Tuesday, March 30, 1999 Published at 16:44 GMT 17:44 UK
Kosovo exodus sparks aid crisis
Most refugees are women, children and pensioners
British Air Commodore, David Wilby, says Nato plans to intensify operations against Yugoslav forces in the coming days.
But Russian Prime Minister Yevgeny Primakov says his talks with Yugoslav President Slobodan Milosevic, aimed at ending the Nato strikes, have born fruit.
More than 80,000 have arrived in the town on Kukes on the Kosovo-Albanian border in the past three days with stories of Serb atrocities. Others are streaming into Montenegro.
However, there are reports that the former Yugoslav republic of Macedonia has sent back Kosovo refugees because it can no longer accommodate them.
And US State Department spokesman James Rubin warned: "There are indicators that genocide is unfolding in Kosovo. We can clearly say crimes against humanity are being committed by Milosevic's forces."
Mr Primakov is now in Bonn for talks with German Chancellor Gerhard Schröder and may continue to Brussels. His trip is the most significant diplomatic effort since Nato strikes began seven days ago.
But BBC Correspondent John Simpson says it is much too soon to think that this means the end of Nato attacks.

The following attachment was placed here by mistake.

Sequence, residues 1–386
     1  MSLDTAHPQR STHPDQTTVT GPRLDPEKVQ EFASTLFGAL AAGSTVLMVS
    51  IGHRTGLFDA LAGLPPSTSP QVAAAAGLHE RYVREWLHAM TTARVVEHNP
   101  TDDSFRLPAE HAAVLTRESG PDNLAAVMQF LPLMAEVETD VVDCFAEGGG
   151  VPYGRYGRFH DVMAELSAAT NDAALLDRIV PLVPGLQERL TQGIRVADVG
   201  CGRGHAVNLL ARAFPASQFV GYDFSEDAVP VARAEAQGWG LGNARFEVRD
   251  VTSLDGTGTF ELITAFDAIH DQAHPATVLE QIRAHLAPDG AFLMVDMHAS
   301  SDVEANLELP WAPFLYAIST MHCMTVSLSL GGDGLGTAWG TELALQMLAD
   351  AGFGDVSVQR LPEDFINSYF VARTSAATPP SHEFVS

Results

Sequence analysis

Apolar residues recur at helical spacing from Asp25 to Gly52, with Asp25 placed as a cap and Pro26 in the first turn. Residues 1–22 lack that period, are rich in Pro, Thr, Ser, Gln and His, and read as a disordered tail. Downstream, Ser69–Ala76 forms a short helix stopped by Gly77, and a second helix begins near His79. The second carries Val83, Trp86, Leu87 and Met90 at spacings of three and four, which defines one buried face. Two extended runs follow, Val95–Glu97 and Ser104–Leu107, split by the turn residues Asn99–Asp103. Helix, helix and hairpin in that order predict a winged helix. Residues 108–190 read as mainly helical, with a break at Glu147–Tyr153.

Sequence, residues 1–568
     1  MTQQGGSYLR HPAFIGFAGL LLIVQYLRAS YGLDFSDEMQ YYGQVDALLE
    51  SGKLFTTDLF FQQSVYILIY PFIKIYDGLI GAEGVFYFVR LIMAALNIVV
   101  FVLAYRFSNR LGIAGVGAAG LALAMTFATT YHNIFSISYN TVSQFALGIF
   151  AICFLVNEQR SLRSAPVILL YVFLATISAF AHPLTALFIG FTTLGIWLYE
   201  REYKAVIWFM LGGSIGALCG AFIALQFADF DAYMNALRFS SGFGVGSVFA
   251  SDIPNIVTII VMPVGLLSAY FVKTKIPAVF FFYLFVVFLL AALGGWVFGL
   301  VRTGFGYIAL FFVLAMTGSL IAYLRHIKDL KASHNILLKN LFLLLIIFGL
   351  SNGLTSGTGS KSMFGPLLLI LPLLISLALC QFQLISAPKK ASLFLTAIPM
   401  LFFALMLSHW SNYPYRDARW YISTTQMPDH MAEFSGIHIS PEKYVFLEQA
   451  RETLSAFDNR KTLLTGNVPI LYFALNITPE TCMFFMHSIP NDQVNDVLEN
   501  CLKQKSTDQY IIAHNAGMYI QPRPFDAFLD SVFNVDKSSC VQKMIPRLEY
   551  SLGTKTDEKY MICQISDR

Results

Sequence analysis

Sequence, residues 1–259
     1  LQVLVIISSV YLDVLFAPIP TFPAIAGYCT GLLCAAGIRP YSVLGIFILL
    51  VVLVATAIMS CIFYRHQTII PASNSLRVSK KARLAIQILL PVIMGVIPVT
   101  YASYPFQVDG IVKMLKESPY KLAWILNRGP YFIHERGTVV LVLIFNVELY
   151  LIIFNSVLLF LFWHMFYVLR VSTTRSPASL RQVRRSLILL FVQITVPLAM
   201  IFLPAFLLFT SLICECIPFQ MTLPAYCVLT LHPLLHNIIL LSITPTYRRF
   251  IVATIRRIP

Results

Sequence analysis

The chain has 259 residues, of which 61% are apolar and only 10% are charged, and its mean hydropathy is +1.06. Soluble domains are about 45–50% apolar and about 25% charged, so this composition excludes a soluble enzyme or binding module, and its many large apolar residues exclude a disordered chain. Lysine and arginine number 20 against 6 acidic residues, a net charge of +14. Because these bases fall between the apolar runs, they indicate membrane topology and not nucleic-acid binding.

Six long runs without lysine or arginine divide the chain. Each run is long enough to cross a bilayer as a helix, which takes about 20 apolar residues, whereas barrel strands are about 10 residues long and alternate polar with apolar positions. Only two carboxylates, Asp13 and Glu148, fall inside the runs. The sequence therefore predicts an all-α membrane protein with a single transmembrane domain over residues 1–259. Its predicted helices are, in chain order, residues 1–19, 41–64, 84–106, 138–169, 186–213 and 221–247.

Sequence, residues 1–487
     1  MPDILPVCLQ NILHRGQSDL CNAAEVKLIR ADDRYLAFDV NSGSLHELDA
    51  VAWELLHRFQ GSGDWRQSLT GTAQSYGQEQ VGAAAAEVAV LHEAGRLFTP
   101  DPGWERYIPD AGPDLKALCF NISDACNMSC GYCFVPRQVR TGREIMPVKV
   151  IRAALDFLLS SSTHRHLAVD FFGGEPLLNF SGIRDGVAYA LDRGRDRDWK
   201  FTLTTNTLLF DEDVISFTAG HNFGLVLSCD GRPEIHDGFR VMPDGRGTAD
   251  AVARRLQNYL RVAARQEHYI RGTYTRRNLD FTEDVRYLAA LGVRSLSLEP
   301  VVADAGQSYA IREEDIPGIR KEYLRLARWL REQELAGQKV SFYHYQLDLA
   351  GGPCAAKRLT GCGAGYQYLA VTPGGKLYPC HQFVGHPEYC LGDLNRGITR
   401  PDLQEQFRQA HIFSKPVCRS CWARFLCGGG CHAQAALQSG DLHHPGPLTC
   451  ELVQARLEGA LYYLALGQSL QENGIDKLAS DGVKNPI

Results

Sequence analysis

Russia, a traditional ally of the Serbs, has been one of the strongest critics of the air strikes, accusing Nato of genocide and demanding "an immediate halt" to the bombings.
Earlier, Russian President Boris Yeltsin condemned the West's action, but he said Russia would not be drawn into a military conflict in the Balkans.
The BBC Rome Correspondent David Willey says the Pope is extremely concerned about the effects of continued Nato bombing, and believes his views are shared by public opinion in many Nato countries.
In Kosovo, the situation on the ground is worsening with reports of summary executions, round-ups and massive expulsions.
Nato officials say they are trying to confirm reports that the Serbs are now attacking a large number of refugees with artillery and tanks in the Pagarusa valley in central Kosovo.
There are also reports that several leading Kosovo Albanians have been executed - including Fehmi Agani, the main adviser of the Kosovo Albanian leader, Ibrahim Rugova.
Nato gave few details of the sixth night of air strikes, but said half the attacks were in Kosovo with most of the rest around Belgrade.
In a desperate race to halt the Serb military machine in Kosovo, Nato is mounting around-the-clock attacks and deploying special A-10 "tankbuster" planes.
The Pentagon says it is beefing up its air power, deploying five long-range B-1 bombers and five more EA-6B Prowler aircraft.